skip to main content
OSTI.GOV title logo U.S. Department of Energy
Office of Scientific and Technical Information

Title: Lattice thermal conductivity of crystalline and amorphous silicon with and without isotopic effects from the ballistic to diffusive thermal transport regime

Abstract

Thermal conductivity of a material is an important physical parameter in electronic and thermal devices, and as the device size shrinks down, its length-dependence becomes unable to be neglected. Even in micrometer scale devices, materials having a long mean free path of phonons, such as crystalline silicon (Si), exhibit a strong length dependence of the thermal conductivities that spans from the ballistic to diffusive thermal transport regime. In this work, through non-equilibrium molecular-dynamics (NEMD) simulations up to 17 μm in length, the lattice thermal conductivities are explicitly calculated for crystalline Si and up to 2 μm for amorphous Si. The Boltzmann transport equation (BTE) is solved within a frequency-dependent relaxation time approximation, and the calculated lattice thermal conductivities in the BTE are found to be in good agreement with the values obtained in the NEMD. The isotopic effects on the length-dependent lattice thermal conductivities are also investigated both in the crystalline and amorphous Si.

Authors:
; ;  [1];  [2]
  1. Korea Research Institute of Standards and Science, Daejeon 305-340 (Korea, Republic of)
  2. (Korea, Republic of)
Publication Date:
OSTI Identifier:
22308521
Resource Type:
Journal Article
Resource Relation:
Journal Name: Journal of Applied Physics; Journal Volume: 116; Journal Issue: 4; Other Information: (c) 2014 AIP Publishing LLC; Country of input: International Atomic Energy Agency (IAEA)
Country of Publication:
United States
Language:
English
Subject:
75 CONDENSED MATTER PHYSICS, SUPERCONDUCTIVITY AND SUPERFLUIDITY; AMORPHOUS STATE; APPROXIMATIONS; BOLTZMANN EQUATION; CRYSTALS; DIFFUSION; EQUILIBRIUM; FREQUENCY DEPENDENCE; ISOTOPE EFFECTS; MEAN FREE PATH; MOLECULAR DYNAMICS METHOD; PHONONS; RELAXATION TIME; SILICON; SIMULATION; THERMAL CONDUCTIVITY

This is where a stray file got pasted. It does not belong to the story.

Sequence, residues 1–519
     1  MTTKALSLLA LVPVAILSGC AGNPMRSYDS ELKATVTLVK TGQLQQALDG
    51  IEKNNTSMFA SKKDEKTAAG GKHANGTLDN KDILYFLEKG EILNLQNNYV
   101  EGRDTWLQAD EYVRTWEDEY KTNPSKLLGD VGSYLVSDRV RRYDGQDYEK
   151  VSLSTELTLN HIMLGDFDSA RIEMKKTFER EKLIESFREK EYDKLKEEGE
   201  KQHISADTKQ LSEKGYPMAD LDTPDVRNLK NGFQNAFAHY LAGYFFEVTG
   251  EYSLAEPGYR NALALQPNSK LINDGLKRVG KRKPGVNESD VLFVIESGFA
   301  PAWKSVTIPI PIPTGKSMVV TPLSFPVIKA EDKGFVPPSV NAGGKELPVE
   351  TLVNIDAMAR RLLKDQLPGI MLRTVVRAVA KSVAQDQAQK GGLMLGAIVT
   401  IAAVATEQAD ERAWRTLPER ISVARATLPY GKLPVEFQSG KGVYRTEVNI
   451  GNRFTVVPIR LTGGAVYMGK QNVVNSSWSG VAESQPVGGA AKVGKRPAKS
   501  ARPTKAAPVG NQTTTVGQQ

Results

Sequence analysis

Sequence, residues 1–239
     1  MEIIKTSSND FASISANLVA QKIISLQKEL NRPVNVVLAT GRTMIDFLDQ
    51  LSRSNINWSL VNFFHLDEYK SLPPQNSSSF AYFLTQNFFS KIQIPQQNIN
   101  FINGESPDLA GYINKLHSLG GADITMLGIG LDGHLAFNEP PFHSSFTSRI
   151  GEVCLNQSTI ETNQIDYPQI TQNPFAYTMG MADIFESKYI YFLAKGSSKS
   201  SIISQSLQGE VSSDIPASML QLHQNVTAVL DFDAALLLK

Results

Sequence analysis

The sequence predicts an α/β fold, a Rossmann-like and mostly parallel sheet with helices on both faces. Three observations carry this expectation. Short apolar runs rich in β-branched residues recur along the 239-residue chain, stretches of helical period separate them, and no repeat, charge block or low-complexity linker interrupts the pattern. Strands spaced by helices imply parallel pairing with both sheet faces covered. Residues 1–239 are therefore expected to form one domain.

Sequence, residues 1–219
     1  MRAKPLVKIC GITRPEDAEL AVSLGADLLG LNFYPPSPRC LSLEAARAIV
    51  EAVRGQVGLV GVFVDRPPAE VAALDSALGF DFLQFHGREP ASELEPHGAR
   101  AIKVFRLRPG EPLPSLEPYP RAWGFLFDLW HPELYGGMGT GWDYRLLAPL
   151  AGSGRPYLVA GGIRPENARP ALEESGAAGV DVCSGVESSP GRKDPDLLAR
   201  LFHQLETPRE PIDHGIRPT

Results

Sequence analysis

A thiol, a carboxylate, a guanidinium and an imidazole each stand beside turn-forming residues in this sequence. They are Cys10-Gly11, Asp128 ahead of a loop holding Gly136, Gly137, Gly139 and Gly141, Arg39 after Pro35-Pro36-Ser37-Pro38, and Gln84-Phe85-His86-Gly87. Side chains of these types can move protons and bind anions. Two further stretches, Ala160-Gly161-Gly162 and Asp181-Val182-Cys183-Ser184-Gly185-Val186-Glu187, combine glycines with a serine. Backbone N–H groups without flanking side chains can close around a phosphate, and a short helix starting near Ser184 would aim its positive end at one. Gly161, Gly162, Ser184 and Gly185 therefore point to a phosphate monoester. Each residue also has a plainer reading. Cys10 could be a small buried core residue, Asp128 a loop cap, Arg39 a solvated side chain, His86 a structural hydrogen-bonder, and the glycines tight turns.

Citation Formats

Park, Minkyu, Lee, In-Ho, Kim, Yong-Sung, E-mail: yongsung.kim@kriss.re.kr, and Department of Nano Science, Korea University of Science and Technology, Daejeon 305-350. Lattice thermal conductivity of crystalline and amorphous silicon with and without isotopic effects from the ballistic to diffusive thermal transport regime. United States: N. p., 2014. Web. doi:10.1063/1.4891500.
Park, Minkyu, Lee, In-Ho, Kim, Yong-Sung, E-mail: yongsung.kim@kriss.re.kr, & Department of Nano Science, Korea University of Science and Technology, Daejeon 305-350. Lattice thermal conductivity of crystalline and amorphous silicon with and without isotopic effects from the ballistic to diffusive thermal transport regime. United States. doi:10.1063/1.4891500.
Park, Minkyu, Lee, In-Ho, Kim, Yong-Sung, E-mail: yongsung.kim@kriss.re.kr, and Department of Nano Science, Korea University of Science and Technology, Daejeon 305-350. Mon . "Lattice thermal conductivity of crystalline and amorphous silicon with and without isotopic effects from the ballistic to diffusive thermal transport regime". United States. doi:10.1063/1.4891500.
@article{osti_22308521,
title = {Lattice thermal conductivity of crystalline and amorphous silicon with and without isotopic effects from the ballistic to diffusive thermal transport regime},
author = {Park, Minkyu and Lee, In-Ho and Kim, Yong-Sung, E-mail: yongsung.kim@kriss.re.kr and Department of Nano Science, Korea University of Science and Technology, Daejeon 305-350},
abstractNote = {Thermal conductivity of a material is an important physical parameter in electronic and thermal devices, and as the device size shrinks down, its length-dependence becomes unable to be neglected. Even in micrometer scale devices, materials having a long mean free path of phonons, such as crystalline silicon (Si), exhibit a strong length dependence of the thermal conductivities that spans from the ballistic to diffusive thermal transport regime. In this work, through non-equilibrium molecular-dynamics (NEMD) simulations up to 17 μm in length, the lattice thermal conductivities are explicitly calculated for crystalline Si and up to 2 μm for amorphous Si. The Boltzmann transport equation (BTE) is solved within a frequency-dependent relaxation time approximation, and the calculated lattice thermal conductivities in the BTE are found to be in good agreement with the values obtained in the NEMD. The isotopic effects on the length-dependent lattice thermal conductivities are also investigated both in the crystalline and amorphous Si.},